It was along this coastline that Captain James Cook came to anchor during his first voyage around the islands of New Zealand in 1769. Upon sighting the ancient stands of magnificent Kauri trees ashore, Cook noted in his journals that they would make ideal masts for the Man O’ War warships of the Royal Navy. Thus the name Man O’ War was bestowed upon this unique land.

Valhalla is a premium Chardonnay in the Man O’War range, made from selected barrels which house grapes from hilltop volcanic vineyards (giving finesse) and some on sheltered clay slopes (which give power).

The grapes are hand harvested and pressed in whole bunches before undergoing a wild yeast fermentation without temperature control.  After alcoholic fermentation, malolactic fermentation is blocked to preserve freshness.  Maturation takes place in a mix of new and used French oak puncheons – for 2016 this was 36% new and 64% seasoned.

While many wine drinkers expect new world wines to be very similar from year to year, most of New Zealand does experience vintage variation.  Just as in Europe, the key is to make the best possible wine each year given the raw materials that nature provides.  The alcohol on this wine proves the point: for 2016 it is 13.5% but has been a whole point higher in other years.

It pours quite golden in the glass which gives a good clue as to what you’re getting into.  The powerful nose has ripe citrus and pineapple cubes, and there’s no doubt that oak has played a part.  The citrus is joined by fleshier fruit on the palate, but still balanced by a streak of acidity.  The decision to block malo means there is no butteriness, and while I like that in some wines it would be overpowering and out of place here.  At around three and a half years from harvest this 2016 is absolutely singing, but would be enjoyable for several more years to come.  Truly a wine fit for a feast with the gods!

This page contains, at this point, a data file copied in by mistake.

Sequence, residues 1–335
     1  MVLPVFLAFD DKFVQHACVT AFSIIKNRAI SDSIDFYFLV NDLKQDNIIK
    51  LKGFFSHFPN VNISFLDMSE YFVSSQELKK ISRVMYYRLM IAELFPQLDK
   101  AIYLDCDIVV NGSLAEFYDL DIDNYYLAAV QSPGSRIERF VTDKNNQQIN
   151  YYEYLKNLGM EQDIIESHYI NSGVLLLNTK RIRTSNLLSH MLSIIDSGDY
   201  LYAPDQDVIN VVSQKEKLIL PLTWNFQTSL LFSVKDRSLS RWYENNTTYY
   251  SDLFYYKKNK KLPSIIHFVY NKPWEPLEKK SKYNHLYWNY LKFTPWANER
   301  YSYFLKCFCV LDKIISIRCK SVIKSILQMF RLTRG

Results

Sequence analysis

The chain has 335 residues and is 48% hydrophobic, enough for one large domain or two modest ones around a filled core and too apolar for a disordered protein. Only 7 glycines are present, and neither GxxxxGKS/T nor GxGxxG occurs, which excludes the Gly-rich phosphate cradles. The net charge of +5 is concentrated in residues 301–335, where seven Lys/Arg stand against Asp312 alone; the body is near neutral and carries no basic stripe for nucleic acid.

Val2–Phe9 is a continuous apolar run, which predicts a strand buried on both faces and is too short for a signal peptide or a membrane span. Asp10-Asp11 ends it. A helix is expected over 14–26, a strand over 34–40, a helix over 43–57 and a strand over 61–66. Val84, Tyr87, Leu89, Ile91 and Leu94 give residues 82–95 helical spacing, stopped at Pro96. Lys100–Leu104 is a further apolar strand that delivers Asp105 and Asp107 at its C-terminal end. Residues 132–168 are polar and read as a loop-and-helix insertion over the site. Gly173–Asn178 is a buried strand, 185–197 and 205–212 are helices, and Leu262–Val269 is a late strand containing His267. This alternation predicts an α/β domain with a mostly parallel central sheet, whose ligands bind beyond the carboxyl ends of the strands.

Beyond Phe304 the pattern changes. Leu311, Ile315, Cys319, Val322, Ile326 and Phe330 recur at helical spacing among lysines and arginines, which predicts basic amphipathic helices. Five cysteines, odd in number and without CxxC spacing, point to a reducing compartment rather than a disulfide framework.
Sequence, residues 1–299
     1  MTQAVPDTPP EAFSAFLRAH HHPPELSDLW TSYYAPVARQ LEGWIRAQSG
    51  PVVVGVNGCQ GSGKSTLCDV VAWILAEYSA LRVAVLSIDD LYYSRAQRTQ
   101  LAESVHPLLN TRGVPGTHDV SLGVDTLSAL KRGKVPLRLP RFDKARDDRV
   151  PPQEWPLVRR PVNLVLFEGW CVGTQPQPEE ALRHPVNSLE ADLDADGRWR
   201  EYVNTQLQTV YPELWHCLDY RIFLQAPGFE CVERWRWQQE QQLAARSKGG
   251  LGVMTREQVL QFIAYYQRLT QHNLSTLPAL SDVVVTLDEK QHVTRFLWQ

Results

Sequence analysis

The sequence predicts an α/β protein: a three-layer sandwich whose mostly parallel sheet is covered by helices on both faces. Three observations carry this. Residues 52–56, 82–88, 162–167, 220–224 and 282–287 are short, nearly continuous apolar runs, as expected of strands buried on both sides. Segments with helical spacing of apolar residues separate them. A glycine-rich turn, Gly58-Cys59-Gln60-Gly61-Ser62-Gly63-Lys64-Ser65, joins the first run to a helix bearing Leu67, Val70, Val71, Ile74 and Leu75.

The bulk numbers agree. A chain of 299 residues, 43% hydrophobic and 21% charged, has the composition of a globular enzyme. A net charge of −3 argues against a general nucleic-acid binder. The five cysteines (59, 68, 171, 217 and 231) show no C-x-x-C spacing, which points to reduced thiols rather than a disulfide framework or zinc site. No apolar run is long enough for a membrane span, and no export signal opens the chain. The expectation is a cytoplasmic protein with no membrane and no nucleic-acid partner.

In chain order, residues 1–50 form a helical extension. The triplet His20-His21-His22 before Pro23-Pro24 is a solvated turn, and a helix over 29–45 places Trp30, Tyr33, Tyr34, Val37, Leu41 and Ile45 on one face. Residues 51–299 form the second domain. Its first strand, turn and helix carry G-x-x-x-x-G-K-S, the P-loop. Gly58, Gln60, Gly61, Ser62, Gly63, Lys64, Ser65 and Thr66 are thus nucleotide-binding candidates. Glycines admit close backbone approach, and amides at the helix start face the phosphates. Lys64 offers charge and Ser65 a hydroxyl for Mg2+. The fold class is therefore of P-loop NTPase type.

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Make Mine A Double, Tasting Events

Pink Fizz [Make Mine a Double #45]

Although my favourite rosés are often Champagnes, my favourite Champagnes aren’t often rosés.  If you followed this then you will realise that it takes a very good pink fizz to get my recommendation – and here are TWO stunners I tasted chez Tindals earlier this year:

Champagne Gremillet Brut Rosé NV (12.0%, RRP €50.00 at Searsons)

Champagne Gremillet Brut Rose NV

Champagne Gremillet is situated in the Côte des Bar, the most southerly of Champagne’s subregions which lends itself to Pinot Noir dominated wines.  It was founded by Jean-Michel Gremillet in 1979, now joined by his children Anne and Jean-Christophe.  They have 33 hectares of their own vines, split 85% Pinot Noir and 15% Chardonnay, and purchase grapes from around 80 other growers each harvest.

This rosé is from their “entry level” range, if there is such a thing in Champagne.  As you’d expect it is Pinot dominant, with the blend being 70% Pinot Noir and 30% Chardonnay.  The colour comes from the addition of 10% red wine, and 20% of the total is from reserve wines of several prior vintages.  The blend spends at least 22 months on the lees and dosage is fairly standard at 9g/L. This is a lovely, soft rosé that is neither too acidic nor too sweet, but shows bright red and black fruit in a very approachable Champagne.  For the quality in the bottle this is a real bargain.

Champagne Henriot Brut Rosé NV (12.0%, RRP €80.00 at Searsons)

Champagne Henriot Brut Rose NV

Champagne Henriot are more than a Champagne house – they also own Bouchard Père et Fils (Côte de Beaune), William Fèvre (Chablis) and Villa Ponciago (Beaujolais).  Based in Reims, Henriot are known for their Chardonnay-dominant wines (their Blanc de Blancs is fantastic) mainly sourced from chalk soils.

The Brut Rosé is a blend of Montagne de Reims Pinot Noir (50%) and Meunier (10%) with the balance (40%) Chardonnay; around 12% of red wine is included.  70% of the grapes are from Grand or Premier Cru villages, and reserve wines make up 35% of the blend. Maturation on the lees is for three years with dosage at 9g/L or less.

The nose shows abundant lifted aromas of citrus and red fruits.  On the palate it is very gentle, perhaps not as immediate as the Gremillet, but instead elegance personified.  Juicy grapefruit and lemon are joined by fresh raspberries and strawberries – very delicious indeed!